At Operis, we work with financial models day in and day out. However, our clients have a much broader job description. So when it comes to monitoring projects that are already operational, in some cases, they might not have dealt with an operating model before.
If you are commissioning an operating model, we suggest the following scope items as a starting point for your Request for Proposals (RfP) that you send to modelling firms like us. In square brackets are the points you will most likely need to customise to your project and company-specific requirements.
For ease of use, we have created a downloadable scope that you can copy and drop into your RFP template and edit to match your actual needs.
Below is the scope with an explanation of why we recommend having each item.
A note on terminology – the operating model, is sometimes referred to as the budget or monitoring model. The financial close model might also be called the transaction model.
The model shall contain the following:
1. Financial statement projections (profit and loss, cash flow and balance sheet) for the project
Well laid out, the financial statements clearly show the current state of the project and future trends. Having all three financial statements present in the model with double-entry accounting also provides a good basis for structural audit tests that everything is behaving as it should.
2. An interface that accepts actual data for historic periods in the format of [trial balances/financial statements as per the accounts] and additional standalone items as required to reflect events to date and forecast forwards from the final position reflected by those actuals
Historic inputs should be in whatever format the project company already has, which saves time every update cycle. Additional items needed (e.g. tax depreciation balances, cash debt balances, historic inflation) should be put in the same place to reduce the risk of them not being updated.
3. Revenue and cost calculations on the basis of operational, financial and economic assumptions in the [base case financial close model and in line with core project documentation]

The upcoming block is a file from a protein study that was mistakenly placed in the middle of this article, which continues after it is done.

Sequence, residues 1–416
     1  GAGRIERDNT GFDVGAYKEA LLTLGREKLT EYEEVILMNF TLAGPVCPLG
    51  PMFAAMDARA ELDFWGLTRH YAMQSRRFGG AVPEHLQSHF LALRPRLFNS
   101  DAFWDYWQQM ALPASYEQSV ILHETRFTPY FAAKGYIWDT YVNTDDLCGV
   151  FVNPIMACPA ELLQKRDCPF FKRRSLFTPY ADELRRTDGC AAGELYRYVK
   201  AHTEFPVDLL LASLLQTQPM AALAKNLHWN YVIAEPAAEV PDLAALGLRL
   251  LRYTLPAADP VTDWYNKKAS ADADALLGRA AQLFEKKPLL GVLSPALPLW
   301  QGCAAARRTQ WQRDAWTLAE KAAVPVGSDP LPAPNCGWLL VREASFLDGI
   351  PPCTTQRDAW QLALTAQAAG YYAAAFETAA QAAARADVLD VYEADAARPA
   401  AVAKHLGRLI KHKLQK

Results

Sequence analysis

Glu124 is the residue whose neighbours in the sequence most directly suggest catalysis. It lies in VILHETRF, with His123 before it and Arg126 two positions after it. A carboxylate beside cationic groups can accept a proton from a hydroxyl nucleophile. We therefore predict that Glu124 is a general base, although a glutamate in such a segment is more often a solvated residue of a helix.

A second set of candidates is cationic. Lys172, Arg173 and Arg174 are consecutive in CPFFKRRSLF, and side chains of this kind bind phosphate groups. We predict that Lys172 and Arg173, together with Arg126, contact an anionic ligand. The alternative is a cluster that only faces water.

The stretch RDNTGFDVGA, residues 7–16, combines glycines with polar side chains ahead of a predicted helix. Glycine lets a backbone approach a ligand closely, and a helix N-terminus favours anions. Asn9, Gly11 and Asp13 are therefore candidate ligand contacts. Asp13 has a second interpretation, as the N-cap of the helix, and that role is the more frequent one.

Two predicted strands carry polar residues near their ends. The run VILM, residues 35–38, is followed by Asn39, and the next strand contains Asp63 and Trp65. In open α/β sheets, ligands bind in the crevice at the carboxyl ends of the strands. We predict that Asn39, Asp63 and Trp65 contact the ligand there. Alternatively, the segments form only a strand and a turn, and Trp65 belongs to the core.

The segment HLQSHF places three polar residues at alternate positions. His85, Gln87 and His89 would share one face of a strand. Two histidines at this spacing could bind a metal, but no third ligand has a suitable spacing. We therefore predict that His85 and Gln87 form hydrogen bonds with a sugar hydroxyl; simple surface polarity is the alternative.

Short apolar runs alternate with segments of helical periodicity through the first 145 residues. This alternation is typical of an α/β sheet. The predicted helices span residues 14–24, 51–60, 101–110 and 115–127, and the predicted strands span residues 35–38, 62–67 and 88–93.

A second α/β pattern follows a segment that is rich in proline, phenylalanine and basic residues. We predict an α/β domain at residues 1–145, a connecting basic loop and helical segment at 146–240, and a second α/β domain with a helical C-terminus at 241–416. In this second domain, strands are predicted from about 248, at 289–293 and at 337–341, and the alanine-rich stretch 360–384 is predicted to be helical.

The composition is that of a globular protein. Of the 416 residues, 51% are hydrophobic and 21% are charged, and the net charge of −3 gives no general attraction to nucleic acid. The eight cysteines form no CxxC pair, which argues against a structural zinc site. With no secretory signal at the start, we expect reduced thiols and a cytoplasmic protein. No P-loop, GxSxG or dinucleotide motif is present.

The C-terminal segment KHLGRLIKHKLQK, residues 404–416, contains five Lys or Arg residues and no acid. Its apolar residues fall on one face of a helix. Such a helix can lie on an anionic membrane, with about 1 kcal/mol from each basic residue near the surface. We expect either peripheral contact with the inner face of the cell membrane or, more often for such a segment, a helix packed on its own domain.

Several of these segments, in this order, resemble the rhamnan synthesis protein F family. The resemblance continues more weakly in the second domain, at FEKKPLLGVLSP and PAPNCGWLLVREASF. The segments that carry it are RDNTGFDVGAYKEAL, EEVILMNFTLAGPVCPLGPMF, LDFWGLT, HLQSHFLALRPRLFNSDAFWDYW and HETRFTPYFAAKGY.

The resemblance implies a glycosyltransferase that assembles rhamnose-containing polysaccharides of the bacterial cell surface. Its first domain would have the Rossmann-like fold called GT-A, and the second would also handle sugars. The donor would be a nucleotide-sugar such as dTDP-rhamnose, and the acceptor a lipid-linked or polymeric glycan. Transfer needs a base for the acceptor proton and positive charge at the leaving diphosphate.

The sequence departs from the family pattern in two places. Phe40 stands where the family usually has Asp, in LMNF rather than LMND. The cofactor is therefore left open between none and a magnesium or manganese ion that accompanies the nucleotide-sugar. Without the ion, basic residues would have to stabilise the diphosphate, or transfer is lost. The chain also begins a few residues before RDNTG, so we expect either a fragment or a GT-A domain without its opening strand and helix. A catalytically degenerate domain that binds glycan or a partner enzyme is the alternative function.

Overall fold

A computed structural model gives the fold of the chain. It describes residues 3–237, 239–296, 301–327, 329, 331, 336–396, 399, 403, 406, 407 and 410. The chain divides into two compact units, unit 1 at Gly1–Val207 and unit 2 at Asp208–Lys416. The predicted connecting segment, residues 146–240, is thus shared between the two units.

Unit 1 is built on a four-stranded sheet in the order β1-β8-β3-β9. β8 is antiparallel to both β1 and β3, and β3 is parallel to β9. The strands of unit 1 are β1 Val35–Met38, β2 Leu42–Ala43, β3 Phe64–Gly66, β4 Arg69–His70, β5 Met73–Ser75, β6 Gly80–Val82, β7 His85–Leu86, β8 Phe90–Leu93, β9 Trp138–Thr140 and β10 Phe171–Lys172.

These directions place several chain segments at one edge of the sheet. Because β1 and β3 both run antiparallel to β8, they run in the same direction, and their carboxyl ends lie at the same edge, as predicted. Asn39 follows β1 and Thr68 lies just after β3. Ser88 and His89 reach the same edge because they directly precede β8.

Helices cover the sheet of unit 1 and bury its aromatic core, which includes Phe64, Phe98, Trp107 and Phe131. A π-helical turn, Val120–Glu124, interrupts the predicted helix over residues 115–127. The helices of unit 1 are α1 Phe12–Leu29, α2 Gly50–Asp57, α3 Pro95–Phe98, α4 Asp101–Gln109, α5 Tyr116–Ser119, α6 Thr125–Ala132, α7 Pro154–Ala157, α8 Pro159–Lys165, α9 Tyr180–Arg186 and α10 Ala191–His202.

The assumptions in the existing financial close model can be used as the basis for the operating model. You then only need to document by exception the items where there have been contract changes etc.
4. An interface for controlling the release timing of receivables/payables balances
There might be items on the balance sheet that you do not expect to clear in the near-term future or even at all. If the model cannot adjust for this, it may forecast a cash shortfall problem in the immediate future.
5. [Senior funding calculations based on a fixed repayment schedule with associated debt service reserve and other accounts as required], forecasts of loans from the partners, and equity
The funding structure is now agreed upon, and the repayment profile is set, so the model can be made lighter without losing functionality that is still needed. This bullet can be updated to reflect the senior facilities and reserve accounts that the project uses. You can also mention this here if you would like to show the indicative effect of a simple refinancing. Though the likelihood is that any refinancing transaction would require a specific transaction model, and then the operating model would be updated to reflect the refinancing debt after the transaction had gone through.
6. Tax and accounting assumptions and treatments replicating those employed in the [financial close model]
The financial close model methodology can be used as a basis for tax calculations. If there have been changes in tax legislation that will need modelling, do note that.
7. Calculation of [key financial covenant lender ratio calculations (ADSCRs and LLCRs)] in line with the [financial close model and financing documentation]